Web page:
Super Bowl contest brings in Bay

BY foxsports • September 20, 2012

Doritos is upping the prize for its annual "Crash the Super Bowl" contest, bringing in Michael Bay, a big name movie director who is no stranger to crashes himself.

The Frito Lay snack chip brand's seventh annual contest allows viewers to submit their own Doritos commercials. Fans vote on their favorites to appear during the big game.

If the ads score well on the USA Today Ad Meter, which measures the popularity of Super Bowl commercials, contestants win cash prizes of up to $1 million. But this time, winners will also get the chance to work with Bay, known for such films as "Transformers, "Pearl Harbor" and "Armageddon," on the next "Transformers movie."

"We realized entrants sometimes want a shot at breaking into the entertainment industry more than the $1 million prize giveaway," said Ram Krishnan, vice president of marketing, Frito-Lay North America, which is owned by PepsiCo Inc. "So we're giving them that chance by working on the next 'Transformers' move."

The winner's role in the making of the "Transformers" movie will depend on where his or her interest lies.

Another change: Doritos will debut a Facebook app that will let anyone volunteer to help others create an ad. Users of the ad can donate their time, props, or locations to help make the ad.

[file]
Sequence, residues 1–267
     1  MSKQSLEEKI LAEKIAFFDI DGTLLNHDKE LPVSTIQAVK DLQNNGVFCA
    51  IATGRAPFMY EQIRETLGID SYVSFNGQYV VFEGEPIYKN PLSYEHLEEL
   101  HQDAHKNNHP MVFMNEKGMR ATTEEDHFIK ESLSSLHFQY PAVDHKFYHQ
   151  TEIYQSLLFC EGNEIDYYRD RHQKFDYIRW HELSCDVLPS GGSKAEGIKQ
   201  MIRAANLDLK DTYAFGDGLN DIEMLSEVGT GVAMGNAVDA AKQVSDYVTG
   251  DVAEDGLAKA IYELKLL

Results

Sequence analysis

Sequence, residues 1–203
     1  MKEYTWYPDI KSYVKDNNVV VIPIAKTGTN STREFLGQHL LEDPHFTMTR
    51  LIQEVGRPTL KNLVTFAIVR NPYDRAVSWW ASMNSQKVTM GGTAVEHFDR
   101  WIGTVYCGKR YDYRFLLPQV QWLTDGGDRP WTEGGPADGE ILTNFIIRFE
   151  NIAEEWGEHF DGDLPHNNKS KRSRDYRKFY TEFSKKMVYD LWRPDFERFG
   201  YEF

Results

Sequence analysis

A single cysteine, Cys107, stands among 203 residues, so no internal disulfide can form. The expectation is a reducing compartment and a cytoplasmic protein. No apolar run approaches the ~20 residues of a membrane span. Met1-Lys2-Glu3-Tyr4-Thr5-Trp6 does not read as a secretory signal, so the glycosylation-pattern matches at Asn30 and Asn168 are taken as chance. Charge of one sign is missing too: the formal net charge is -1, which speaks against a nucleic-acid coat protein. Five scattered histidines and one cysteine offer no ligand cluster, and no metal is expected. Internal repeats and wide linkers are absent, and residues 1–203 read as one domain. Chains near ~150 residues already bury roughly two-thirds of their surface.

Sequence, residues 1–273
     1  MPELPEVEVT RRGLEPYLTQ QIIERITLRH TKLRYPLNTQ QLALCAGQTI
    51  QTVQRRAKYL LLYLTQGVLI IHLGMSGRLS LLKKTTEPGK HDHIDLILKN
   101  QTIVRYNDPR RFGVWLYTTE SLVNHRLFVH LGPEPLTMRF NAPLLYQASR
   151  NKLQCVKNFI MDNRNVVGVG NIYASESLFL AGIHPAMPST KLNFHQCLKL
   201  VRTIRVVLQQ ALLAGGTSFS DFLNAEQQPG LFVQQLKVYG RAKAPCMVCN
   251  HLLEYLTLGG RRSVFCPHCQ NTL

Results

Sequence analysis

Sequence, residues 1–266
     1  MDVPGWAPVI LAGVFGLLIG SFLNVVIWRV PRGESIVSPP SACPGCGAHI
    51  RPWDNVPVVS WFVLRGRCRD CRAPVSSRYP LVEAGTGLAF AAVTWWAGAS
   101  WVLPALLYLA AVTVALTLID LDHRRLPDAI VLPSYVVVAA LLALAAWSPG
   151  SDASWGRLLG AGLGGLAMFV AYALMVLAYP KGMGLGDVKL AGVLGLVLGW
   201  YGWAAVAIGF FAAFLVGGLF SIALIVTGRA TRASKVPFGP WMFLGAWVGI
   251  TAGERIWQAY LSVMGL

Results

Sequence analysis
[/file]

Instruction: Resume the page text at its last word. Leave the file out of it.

"Consumers told us 'I would love to participate but I have no interest or the talent to make a video,'" said Krishnan. "The app lets anyone pitch in."

There were 6,100 entrants last year, up from 4,500 the year before. Krishnan expects even more this year.

The Super Bowl will be played Feb. 3 in New Orleans and will be broadcast by CBS.

People can submit ads for the contest between Oct. 8 and Nov. 16 at Five finalist ads will be announced in January and consumers will then be able to vote for their favorite online.

The Super Bowl is advertising's largest showcase. The National Football League's championship game garnered an estimated 111.3 million viewers when it aired last February, according to Nielsen.